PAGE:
As the pandemic and teleworking drag on, people stuck at home are starting to discover the secondary effect of isolation from coworkers: There’s no one to commiserate with, no happy chance encounters, no exposure to bosses for potential promotion. Here to ruminate on the dark side of perpetual telework, long-time leadership scholar Bob Tobias joined Federal Drive with Tom Temin.
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Tom Temin: Bob, I guess it’s different from you and I. I know you’ve been isolated in a remote cabin in a remote part of an Eastern State for some time now. But we’ve had our working careers mostly behind us. But for the young people, I think they’re beginning to question whether working from the couch is such a great idea.
Bob Tobias: Well, yes. We’ve been focusing when we’ve been looking at telework and efficiency. Can people who are teleworking actually do the work as efficient or even more efficient than coming into work? And I think that the answer to that question is yes, particularly in the federal government, the answer is yes. But now we’re starting to think about well here I am, all by myself, with only my Zoom to kick me company. And that’s not a substitute for a workplace where I bumped into people, and can enhance my networks at work, either in terms of promotions, or more importantly, as a social network, where I create friends and I do things together with those at work. I just don’t have those opportunities now that I’m at home all alone by myself.
Tom Temin: Yes. And I think also, some of the social networks that you create become professional networks over time. And I think you have to have been working a few years to understand how important that can be. Sometimes, without even realizing it, a name will pop up and golly, that fits something I need right now. So the opportunity to build that, what they used to call the black book of contacts, just doesn’t happen in this setting.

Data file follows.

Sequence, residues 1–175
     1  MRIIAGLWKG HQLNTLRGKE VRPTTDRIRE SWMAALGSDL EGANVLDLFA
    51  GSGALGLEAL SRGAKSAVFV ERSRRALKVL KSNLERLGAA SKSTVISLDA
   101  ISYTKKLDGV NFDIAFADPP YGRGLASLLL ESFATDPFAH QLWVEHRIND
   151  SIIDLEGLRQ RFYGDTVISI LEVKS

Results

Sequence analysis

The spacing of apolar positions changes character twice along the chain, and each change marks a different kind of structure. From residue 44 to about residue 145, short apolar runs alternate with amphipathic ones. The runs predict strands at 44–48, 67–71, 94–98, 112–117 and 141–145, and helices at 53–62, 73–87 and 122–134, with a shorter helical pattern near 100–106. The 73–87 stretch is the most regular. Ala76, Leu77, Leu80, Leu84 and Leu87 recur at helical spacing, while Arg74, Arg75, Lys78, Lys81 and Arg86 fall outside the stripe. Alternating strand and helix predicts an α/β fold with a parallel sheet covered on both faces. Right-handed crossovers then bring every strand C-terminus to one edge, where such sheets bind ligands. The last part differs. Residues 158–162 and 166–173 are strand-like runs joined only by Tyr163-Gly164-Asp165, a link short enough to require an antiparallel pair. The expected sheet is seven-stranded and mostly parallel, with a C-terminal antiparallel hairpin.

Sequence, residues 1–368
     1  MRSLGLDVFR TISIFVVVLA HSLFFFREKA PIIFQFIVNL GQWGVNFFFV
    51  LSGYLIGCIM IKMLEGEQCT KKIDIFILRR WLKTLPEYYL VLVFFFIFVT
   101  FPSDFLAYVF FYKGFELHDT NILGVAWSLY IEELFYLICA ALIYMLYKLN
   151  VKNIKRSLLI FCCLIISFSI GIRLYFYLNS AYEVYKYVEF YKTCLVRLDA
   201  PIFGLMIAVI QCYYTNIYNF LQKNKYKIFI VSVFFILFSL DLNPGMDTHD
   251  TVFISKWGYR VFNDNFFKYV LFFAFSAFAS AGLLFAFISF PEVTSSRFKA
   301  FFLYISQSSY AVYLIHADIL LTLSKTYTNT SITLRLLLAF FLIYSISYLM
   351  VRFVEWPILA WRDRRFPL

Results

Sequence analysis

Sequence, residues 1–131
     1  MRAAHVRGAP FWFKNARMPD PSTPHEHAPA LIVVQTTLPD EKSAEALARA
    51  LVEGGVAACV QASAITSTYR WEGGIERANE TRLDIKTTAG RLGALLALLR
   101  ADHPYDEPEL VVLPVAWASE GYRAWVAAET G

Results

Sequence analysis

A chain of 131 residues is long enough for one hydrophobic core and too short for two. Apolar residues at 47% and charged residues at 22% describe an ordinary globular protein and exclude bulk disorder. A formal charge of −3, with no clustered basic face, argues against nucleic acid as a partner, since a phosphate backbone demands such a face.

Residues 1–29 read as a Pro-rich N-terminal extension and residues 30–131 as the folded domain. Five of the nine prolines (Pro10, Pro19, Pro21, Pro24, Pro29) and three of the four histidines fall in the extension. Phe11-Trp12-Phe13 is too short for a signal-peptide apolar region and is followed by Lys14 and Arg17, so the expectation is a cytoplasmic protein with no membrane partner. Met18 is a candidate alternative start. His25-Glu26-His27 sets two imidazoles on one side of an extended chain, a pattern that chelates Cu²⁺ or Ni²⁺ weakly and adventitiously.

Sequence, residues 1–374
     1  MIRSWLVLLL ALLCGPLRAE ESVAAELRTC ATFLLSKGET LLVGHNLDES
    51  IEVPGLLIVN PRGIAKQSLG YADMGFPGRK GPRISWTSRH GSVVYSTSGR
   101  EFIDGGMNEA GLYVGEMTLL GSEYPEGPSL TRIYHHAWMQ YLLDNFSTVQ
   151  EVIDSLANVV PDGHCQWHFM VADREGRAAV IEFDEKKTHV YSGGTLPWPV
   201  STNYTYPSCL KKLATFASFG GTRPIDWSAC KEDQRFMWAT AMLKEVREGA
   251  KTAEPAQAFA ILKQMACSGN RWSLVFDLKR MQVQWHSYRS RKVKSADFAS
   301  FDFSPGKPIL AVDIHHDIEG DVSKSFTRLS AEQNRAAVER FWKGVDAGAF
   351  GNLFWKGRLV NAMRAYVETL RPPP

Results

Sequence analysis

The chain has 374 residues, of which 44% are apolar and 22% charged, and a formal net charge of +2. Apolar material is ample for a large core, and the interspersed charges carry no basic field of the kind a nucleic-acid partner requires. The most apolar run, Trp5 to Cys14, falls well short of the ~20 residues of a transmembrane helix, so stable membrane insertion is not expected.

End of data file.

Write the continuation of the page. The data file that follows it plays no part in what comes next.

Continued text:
Bob Tobias: In the program that I participated in American University we focus on creating networks across where you work, because you need other people in other divisions, other agencies, to help you get your work done. But you really don’t have the opportunity to do that because there are no meetings where you might meet someone new from outside of those you already know. So the opportunities are constricting rather than expanding.
Tom Temin: And I think a lot of observers have begun to notice that the Zoom, and all of its clones and cousin types of applications, have limits to their utility in terms of some of the social aspects of it, in part, because one is looking at oneself, which is something you’re not used to doing in a meeting, you see everybody else but you don’t see yourself. I think we haven’t explored how profound a difference that really is in some setting.
Bob Tobias: I agree with you Tom. I have students who started in person, and then with the pandemic, it’s now online. And so every single group that has had both say, well you know the content is fine, we’re still getting the content. But what we miss is those opportunities to have lunch together, those opportunities to have a drink after class, those opportunities during breaks to explore something that was discussed, and to get a different perspective. So they don’t have that and Zoom doesn’t provide that. The spontaneity that comes from in person conversations.
Tom Temin: Also, there’s more awkwardness in Zoom. Like if you are in an hour long meeting at work, and you have to go hit the head. Well, you get up from your chair, you slip out, you slip back in no big deal. When you leave a Zoom meeting, either you have to turn off your camera, or you see somebody walk away, and what are they going and then you see this big empty space or worse, they take their device with them and you’re saying to yourself, please Dear God, don’t go to the bathroom with it, don’t go to the bathroom with it. So there’s a kind of awkwardness.